Lady Macbeth: Performance of the Year?

When your film’s title references one of the most iconic villains of all time, you certainly set the bar high for yourself. It should go without saying that Lady Macbeth does not live up to her namesake – but not for a lack of trying. In fact, this is a solid thriller with some genuine surprises and truly dark twists. But, the real reason to see this film is for the stunning breakout performance from Florence Pugh.

Set in 19th century England, Pugh plays Katherine, a young bride sold into marriage with a middle-aged man who rotates between exerting a sadistic dominance over her and acting repulsed by her every action. But when her husband leaves on business matters, Katherine begins a passionate affair with a farm boy, Sebastian (singer Cosmo Jarvis). Isolated on their plantation, with no one but servants to bother them, Katherine and Sebastian quickly grow accustomed to their simple, intensely sexual lifestyle – so, when Katherine’s husband finally returns home, they begin plotting to maintain the world they’ve grown accustomed to.

There’s more to the story – a brilliant, extremely twisted third-act revelation changes the course of the movie entirely, but it’s best for audiences to go in knowing as little as possible so they can watch the manipulation unfold.

It cannot be overstated how great Florence Pugh is in this film, and how much of a role she plays in its success. Not only is Pugh in virtually every shot of the film, but she’s responsible for making a compelling lead character out of someone who is, in her own way, truly detestable.

As a character, Katherine is a fascinating one – the film does not hide the fact that she is a victim of systemic misogyny, and that the society she inhabits is one that tries to strip her of agency and shames her for having any sexual desire. At the same time, she is a sociopath who commits shocking acts of violence in order to maintain her own happiness, even turning a blind eye to her allies’ problematic attitudes for her own personal gain. Pugh revels in this grey area, taking every opportunity to have fun with the anti-heroine she’s playing, while also showing how the abuse she endures as a woman plays a part in her development as an antagonist.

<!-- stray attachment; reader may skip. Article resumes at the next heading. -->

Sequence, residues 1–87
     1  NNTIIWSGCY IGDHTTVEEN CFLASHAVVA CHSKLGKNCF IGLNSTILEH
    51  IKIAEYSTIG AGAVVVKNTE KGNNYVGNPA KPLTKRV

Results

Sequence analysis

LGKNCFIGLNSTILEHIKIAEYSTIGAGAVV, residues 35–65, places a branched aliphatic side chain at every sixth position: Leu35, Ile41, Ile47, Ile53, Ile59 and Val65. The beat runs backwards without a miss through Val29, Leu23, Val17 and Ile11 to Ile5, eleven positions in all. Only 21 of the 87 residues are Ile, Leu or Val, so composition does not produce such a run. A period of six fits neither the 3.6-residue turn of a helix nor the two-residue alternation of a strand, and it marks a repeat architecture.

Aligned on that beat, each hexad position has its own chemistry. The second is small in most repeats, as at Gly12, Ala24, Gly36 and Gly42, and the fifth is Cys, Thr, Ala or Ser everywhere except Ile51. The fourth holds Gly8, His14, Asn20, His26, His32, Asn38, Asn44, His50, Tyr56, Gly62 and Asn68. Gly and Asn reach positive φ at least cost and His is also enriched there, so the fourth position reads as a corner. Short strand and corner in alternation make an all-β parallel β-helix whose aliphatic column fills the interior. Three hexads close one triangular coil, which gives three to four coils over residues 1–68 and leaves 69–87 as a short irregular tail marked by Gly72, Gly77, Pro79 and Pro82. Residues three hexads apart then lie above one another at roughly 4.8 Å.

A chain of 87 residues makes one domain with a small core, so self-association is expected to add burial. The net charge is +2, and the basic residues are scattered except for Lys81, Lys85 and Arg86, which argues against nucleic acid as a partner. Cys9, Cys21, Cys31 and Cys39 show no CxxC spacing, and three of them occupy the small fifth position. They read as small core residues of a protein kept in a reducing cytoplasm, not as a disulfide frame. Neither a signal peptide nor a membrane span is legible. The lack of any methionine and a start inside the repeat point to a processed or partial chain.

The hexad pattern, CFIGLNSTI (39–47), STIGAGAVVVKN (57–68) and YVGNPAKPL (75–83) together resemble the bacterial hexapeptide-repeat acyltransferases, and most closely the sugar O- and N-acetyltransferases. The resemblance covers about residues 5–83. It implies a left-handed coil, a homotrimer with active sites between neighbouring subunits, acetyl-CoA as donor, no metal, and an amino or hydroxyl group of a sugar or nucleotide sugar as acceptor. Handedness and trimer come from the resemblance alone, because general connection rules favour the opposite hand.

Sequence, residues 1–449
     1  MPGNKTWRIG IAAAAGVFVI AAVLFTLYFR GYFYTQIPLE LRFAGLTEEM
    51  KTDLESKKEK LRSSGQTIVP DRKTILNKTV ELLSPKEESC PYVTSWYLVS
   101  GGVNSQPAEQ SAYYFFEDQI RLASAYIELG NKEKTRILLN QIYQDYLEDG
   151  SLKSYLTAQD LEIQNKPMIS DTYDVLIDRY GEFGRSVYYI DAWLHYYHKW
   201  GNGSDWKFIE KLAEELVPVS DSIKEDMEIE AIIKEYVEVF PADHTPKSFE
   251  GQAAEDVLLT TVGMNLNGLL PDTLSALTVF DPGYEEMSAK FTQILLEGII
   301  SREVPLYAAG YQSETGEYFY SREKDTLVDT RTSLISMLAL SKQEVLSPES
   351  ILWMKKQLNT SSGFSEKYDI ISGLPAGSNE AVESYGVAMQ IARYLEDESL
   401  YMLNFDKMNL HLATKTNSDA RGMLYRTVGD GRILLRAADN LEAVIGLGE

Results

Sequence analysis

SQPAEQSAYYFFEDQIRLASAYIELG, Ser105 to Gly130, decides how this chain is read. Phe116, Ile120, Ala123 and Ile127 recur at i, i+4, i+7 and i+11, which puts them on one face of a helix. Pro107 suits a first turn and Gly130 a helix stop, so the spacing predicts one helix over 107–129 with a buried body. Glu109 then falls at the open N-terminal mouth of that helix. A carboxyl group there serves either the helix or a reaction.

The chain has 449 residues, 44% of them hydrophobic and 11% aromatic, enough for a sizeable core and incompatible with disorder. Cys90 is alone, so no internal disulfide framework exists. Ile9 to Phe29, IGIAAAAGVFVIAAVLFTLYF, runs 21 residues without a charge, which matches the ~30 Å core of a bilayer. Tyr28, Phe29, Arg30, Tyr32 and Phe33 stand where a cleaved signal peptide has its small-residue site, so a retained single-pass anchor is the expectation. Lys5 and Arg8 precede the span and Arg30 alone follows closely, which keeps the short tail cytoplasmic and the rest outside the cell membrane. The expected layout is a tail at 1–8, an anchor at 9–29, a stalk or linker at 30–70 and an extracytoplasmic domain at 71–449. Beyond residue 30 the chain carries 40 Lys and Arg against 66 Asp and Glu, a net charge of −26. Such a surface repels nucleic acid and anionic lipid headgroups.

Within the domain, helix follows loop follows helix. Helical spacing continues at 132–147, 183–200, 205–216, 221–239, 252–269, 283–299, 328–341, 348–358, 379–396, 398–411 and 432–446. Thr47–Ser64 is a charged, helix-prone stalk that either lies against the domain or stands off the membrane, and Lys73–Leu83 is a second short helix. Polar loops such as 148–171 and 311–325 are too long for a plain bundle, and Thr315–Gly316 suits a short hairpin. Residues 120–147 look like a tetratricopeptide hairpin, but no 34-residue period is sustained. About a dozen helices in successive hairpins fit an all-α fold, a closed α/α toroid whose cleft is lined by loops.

More often than not, Katherine refuses to embrace the film’s melodramatic source material by screaming and going into monologues. Instead, she shows us her character’s calculating nature through her emotive eyes and facial ticks, and delivers many of her strongest scenes with minimal dialogue. And it’s worth noting that she has one of the best comedic scenes of the year – again, wordless – in which she displays a great understanding of physical comedy. It’s a performance that has to be seen to be believed, and alone is worth the price of admission.

The rest of the film works well, but mostly in fits and starts. In trying to convey how dull Katherine’s life is before meeting Sebastian, director William Oldroyd perhaps goes a bit overboard, forcing the film to drag on and even feel repetitive. Once the action starts, Oldroyd does a much better job at bringing suspense to his picture, with some scenes of violence being staged in creative, unorthodox ways that help make any predictable plot turns feel new. He also really hits a home run in the movie’s final third – which, again, should go unspoiled. But rest assured, it’s disturbing and intense in all the right ways.

Perhaps the biggest hindrance to Lady Macbeth is the ensemble cast, as none come close to matching Pugh’s brilliance in the leading role. It’s not entirely the cast’s fault. Many of the supporting characters are given little to no screen time, with some characters feeling more like a symbol of an idea or theme rather than a true figure in the story. And, as her costar, it must be noted that Cosmo Jarvis feels entirely miscast. He brings too much of a modern sensuality to the film, oftentimes feeling like a boy band member playing a part in a school play. He tries his hardest, but the film calls for someone who can blend into the film’s setting more thoroughly. Only Naomi Ackie, who plays Katherine’s servant, manages to impress.

But, again: Florence Pugh is reason alone to see this film. Even with a handful of flaws, Lady Macbeth announces the arrival of a major new talent, and gives her some great material to work with, showing what she’s truly capable of. As a thriller, Lady Macbeth is solid, specifically as it challenges audiences in its final twenty minutes. But as an actor’s showcase, it’s hard to do better than this.

Overall Rating: 7 out of 10